Welding is a major occupational activity. More than 200,000 workers in the United States and 1.8 million workers worldwide do welding as all or part of their jobs. The hazards of welding are well-understood and include exposures to intense light, heat, and a number of toxic components present in welding fume, such as manganese, iron, carbon monoxide, ozone, and other toxic agents. When welding stainless steel and similar chromium alloys, the well-established carcinogen hexavalent chromium and the possible carcinogen nickel are present and are even more serious concerns. In most cases there are well-understood approaches to control an individual welder’s exposures to hazards. These include engineering controls, personal protective equipment, and other measures. Exposures can still be high, however, even after implementing protective measures. Achieving the OSHA Permissible Exposure Limit for hexavalent chromium (5 µg/m3) is very difficult, and the NIOSH Recommended Exposure Limit (0.2 µg/m3) is even more challenging. The first and best strategy is to control hazards at the source; engineering controls and other measures can further augment reductions at the source. In the case of welding, source reduction is most readily achieved by substituting a lower-emission welding process for a high-emission welding process. PROCESS SUBSTITUTION It is not always possible to substitute one welding process for another because pressure-vessel or other critical types of welding often have only one or two approved welding procedures. However, workplace exposures are often associated with repair and maintenance operations that have less stringent requirements. In these cases, multiple types of welding can be substituted. Shielded metal arc welding (SMAW or “stick welding”) is the most commonly used welding process, and generally has the highest emission rates for fume, hexavalent chromium, and manganese. Typically gas metal arc welding or flux-cored arc welding can be substituted for SMAW in most circumstances. Gas metal arc welding (GMAW; also known as MIG or MAG) has a number of process variations with a large range of fume emission profiles that have been evaluated comprehensively for both mild and stainless steel welding materials. In many cases, the emission rates of fume, hexavalent chromium, manganese, nickel, and elemental chromium have been determined and comparative cost data has been measured in actual field studies, for labor and consumables costs. Many types of GMAW processes are available, including short-circuit, globular transfer, axial spray and pulsed spray modes, and other specialized techniques such as Surface Tension Transfer, Regulated Metal Deposition, Cold Metal Transfer, and others. Each has different capabilities and advantages. In several cases, substituting one of these GMAW processes for SMAW has resulted in dramatic reductions in emissions of fumes and toxic metals, and a significant reduction in operating costs. In the case of fume emission rates (normalized for the same electrode consumption rates), the best GMAW processes such as pulsed-spray mode have 1/40th the fume emission rates of SMAW welding. In the case of hexavalent chromium emission rates, some of the best GMAW choices have emissions rates that are as little as 1/250th the emission rates of SMAW welding. There are also reductions in manganese, nickel, and elemental chromium generation rates, although less dramatic in magnitude. Flux-cored arc welding (FCAW) also generally has lower fume generation rates than SMAW, but higher rates than GMAW. FCAW can have advantages, however, especially when welding on coated or contaminated surfaces, where the use of GMAW processes would not be the best choice. Tungsten inert-gas (TIG) welding is another option that has very low emission rates, but it is generally considered too expensive for most applications due to the low deposition rates of filler metal, high skill requirements, and overall high labor costs.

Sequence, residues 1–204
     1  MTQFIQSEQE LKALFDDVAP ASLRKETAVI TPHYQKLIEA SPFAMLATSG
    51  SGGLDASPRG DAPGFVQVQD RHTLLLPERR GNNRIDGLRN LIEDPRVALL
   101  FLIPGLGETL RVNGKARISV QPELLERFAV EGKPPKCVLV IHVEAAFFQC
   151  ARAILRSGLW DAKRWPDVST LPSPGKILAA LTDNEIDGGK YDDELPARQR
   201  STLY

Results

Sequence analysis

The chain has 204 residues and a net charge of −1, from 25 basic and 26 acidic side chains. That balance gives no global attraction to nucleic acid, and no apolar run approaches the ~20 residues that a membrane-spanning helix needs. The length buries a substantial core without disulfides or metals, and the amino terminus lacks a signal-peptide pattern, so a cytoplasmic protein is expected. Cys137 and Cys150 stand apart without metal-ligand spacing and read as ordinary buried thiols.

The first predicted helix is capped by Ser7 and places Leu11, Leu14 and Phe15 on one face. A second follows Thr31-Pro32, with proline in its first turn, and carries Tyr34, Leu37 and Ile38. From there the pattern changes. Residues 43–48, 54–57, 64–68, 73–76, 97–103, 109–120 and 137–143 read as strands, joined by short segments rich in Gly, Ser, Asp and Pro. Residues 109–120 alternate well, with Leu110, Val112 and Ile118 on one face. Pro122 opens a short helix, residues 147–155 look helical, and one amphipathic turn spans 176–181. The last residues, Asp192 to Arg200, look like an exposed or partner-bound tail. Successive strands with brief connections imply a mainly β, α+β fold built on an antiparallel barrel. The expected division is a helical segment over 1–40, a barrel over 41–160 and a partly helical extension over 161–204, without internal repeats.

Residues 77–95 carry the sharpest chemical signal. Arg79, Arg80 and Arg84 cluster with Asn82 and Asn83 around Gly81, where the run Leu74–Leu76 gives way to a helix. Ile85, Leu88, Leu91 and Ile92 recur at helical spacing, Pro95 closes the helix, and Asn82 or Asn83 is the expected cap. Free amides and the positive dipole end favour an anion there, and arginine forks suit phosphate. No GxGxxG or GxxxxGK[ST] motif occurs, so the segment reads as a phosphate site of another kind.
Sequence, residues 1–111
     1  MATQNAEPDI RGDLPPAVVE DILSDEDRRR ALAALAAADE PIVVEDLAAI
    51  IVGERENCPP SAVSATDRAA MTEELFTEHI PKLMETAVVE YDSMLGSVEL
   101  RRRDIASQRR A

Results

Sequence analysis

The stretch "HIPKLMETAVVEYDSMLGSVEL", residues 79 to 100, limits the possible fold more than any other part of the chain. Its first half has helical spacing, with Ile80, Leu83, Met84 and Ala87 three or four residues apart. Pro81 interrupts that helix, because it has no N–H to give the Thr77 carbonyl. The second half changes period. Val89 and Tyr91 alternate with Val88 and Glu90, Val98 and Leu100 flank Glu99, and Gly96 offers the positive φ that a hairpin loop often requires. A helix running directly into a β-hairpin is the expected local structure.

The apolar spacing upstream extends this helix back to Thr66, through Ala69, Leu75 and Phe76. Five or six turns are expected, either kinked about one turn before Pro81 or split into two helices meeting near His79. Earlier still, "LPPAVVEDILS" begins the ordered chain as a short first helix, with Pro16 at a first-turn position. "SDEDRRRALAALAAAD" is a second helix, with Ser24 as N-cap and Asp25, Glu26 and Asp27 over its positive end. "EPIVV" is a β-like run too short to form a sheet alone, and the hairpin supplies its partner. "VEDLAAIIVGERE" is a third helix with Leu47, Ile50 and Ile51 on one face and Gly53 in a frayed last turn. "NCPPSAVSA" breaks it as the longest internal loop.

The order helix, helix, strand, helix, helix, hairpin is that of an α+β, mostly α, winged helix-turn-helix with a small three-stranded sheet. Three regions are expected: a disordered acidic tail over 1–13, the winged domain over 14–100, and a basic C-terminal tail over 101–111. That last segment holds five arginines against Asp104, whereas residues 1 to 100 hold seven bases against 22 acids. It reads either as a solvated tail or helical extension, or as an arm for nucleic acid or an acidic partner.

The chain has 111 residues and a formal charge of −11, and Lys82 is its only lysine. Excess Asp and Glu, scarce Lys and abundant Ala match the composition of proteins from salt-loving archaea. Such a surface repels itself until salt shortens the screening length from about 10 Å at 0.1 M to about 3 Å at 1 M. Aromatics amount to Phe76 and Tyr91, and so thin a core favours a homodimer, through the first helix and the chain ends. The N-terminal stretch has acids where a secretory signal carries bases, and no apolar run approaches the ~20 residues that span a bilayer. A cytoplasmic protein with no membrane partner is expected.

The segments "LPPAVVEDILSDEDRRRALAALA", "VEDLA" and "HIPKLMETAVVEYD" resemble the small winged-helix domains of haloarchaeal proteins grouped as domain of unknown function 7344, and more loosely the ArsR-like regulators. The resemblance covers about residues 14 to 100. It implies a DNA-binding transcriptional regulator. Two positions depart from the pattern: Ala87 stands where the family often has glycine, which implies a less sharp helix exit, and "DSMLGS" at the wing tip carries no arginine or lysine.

The use of recommended in-helmet breathing-zone sampling is imperative for measuring true exposures.